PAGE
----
The Yoruba Assembly stated this in a statement signed by retired General Alani Akinrinnade.
The Yoruba ethnic nationality will back a united Nigeria based on true federalism as part of its considerations at the proposed national conference, the Yoruba Assembly, a broad-based socio-political organization, which said it was speaking for all Yorubas in Nigeria, said Tuesday.
To ensure the conference achieved the goal of a single Nigerian state, overt partisan participation involving political parties must be disallowed at the exercise, the group said.
“That a national conference convened to work out a better structure for the survival of Nigeria as one territorial entity characterized by peaceful co-existence of the Nigerian nationalities should not be subject to the stresses of partisan political party confrontations, and that the organization of the conference should be devoid of any direct participation by any of the existing political parties, as political parties, in the country,” the group said.
The Assembly said the “most credible” conference in Nigeria’s present circumstances is one with sovereign powers to transform the current pseudo-federal constitution to a truly federal constitution.
“On behalf of the Yoruba nation, therefore, and in respectful cognizance of the expressed demands and desires of the Yoruba people, and of countless organizations, leaders and fathers of the Yoruba nation, the Yoruba Assembly welcomes the opportunity hereby offered by President Jonathan for Nigerian nationalities to confer and design Nigeria as a federation wherein each of Nigeria’s federating nationalities shall be protected from domination by any other Nigerian nationality, and wherein each Nigerian nationality shall be able to develop its economy at its own pace within the framework of a united Nigerian Federation or Nigerian Union.”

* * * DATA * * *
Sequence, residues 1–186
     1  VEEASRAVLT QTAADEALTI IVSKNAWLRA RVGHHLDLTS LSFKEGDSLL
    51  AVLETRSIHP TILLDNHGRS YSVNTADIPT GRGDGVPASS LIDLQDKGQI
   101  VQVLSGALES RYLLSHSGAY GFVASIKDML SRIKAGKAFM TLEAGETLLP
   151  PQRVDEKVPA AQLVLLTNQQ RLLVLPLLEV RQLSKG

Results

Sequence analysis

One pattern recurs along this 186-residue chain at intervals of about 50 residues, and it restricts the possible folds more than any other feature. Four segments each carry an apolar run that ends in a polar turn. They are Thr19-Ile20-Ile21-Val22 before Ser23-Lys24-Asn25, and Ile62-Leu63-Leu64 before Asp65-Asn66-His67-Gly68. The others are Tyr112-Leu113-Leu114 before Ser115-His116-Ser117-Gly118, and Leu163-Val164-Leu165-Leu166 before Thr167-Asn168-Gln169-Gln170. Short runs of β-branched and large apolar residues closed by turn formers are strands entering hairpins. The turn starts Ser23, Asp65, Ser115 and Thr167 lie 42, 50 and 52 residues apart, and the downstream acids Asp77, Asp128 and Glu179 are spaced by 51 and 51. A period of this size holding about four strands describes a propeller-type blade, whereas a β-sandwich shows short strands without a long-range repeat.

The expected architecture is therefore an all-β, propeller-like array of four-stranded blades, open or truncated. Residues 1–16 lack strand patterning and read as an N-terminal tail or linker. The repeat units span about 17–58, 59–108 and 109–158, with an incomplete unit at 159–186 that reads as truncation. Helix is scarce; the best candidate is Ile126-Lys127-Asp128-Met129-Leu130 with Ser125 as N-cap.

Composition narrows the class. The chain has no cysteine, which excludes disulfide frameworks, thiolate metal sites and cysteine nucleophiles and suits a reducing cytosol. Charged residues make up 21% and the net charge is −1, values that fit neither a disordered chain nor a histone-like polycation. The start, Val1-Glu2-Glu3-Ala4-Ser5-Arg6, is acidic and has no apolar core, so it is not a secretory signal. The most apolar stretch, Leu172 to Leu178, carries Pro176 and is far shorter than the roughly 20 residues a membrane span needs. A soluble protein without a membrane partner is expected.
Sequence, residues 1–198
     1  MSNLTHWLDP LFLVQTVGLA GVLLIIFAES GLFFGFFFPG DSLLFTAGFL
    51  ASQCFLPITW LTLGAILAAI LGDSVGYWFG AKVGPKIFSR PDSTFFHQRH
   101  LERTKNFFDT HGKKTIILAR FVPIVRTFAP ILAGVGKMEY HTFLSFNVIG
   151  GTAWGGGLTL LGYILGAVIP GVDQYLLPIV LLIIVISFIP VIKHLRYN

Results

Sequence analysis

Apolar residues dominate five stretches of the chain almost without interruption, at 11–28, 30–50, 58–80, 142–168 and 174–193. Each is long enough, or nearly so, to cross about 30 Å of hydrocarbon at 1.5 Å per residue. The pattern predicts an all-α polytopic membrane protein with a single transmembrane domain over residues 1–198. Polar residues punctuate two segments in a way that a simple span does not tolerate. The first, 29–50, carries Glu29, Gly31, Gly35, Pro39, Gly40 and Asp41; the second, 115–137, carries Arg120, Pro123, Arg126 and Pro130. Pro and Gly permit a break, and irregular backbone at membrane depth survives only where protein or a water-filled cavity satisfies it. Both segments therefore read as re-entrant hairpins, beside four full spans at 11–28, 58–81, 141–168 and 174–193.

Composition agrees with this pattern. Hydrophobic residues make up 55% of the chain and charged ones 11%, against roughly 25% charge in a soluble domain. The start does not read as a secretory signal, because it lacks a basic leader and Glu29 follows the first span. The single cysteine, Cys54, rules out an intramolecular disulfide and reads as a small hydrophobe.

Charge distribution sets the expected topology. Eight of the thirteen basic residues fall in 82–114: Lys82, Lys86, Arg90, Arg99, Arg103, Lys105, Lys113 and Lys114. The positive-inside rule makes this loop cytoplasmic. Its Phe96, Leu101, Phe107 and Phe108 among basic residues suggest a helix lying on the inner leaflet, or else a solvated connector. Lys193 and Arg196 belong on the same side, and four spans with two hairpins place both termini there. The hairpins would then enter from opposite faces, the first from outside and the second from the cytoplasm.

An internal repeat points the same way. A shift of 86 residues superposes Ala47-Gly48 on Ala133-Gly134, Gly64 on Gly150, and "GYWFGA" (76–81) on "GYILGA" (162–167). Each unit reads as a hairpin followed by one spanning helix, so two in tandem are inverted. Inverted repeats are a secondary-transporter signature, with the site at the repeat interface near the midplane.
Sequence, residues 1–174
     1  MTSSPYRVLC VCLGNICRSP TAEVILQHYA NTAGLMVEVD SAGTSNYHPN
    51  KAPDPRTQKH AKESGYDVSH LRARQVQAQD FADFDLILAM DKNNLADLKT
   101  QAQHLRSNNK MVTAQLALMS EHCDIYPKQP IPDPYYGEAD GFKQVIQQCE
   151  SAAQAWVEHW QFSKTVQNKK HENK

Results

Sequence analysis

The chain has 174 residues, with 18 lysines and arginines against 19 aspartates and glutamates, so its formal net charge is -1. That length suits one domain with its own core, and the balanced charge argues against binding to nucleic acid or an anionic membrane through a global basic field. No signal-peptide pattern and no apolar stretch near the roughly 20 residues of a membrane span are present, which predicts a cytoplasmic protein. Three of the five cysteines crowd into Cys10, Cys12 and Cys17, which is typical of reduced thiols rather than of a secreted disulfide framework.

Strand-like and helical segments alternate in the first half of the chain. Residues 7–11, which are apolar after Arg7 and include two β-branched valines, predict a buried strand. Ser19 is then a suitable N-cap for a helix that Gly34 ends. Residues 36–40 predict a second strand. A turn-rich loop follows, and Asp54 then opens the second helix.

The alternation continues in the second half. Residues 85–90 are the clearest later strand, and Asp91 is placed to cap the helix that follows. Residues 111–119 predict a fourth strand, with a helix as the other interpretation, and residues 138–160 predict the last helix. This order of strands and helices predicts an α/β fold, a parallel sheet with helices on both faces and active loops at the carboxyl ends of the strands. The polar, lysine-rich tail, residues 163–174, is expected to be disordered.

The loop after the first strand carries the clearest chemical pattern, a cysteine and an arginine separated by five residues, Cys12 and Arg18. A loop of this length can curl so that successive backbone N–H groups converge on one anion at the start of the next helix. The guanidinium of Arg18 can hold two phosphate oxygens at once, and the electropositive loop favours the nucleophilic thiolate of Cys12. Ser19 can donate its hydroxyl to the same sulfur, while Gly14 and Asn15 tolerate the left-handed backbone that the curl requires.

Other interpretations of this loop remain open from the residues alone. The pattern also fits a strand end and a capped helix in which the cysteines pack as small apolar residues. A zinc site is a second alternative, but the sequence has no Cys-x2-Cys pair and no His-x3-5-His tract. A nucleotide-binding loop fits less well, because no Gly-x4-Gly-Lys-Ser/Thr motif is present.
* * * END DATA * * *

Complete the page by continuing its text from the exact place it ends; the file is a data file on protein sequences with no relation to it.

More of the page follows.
The demands, listed in a statement by the group’s leader, Alani Akinrinade, a former chief of army and retired Lieutenant General, are the first from any organized ethnic nationality ahead of the conference approved by President Goodluck Jonathan.
The president inaugurated a committee on Monday to develop details and procedure for the talks.
While many Nigerians welcome the dialogue, its lack of clear details as of yet, has also stoked fears the exercise may well yield too little after all. Many supporters want the talks be sovereign, meaning its decisions will not be subject to any existing political structure.
But critics reject that proposal, arguing that existing state structures, including the national assembly, already represent the instruments of a sovereign state. They also fear a limitless national conference may tamper with Nigeria’s unity.
President Jonathan dispelled that fear on Monday while swearing in the members of the committee.
“I will therefore like to allay the fears of those who think the conference will call the integrity of Nigeria into question,” the president said. “This National Discourse will strengthen our union and address issues that are often on the front burner, and are too frequently ignored.”
The Yoruba Assembly said while the sovereign status of the conference was not yet clear, the move by the government was welcomed regardless.
The group called for the reschedule of the planned national census until after the ratification of new constitutional provisions emanating from the national conference. It also urged that the conference be based on the consideration of linguistic nationalities as Nigeria’s fundamental components.
“That the primary interest groups in the Nigerian multi-ethnic state are the linguistic nationalities and that the conference should be a conference of representatives of the mono- and multi-linguistic nationalities freely chosen by the nationalities,” the statement said.
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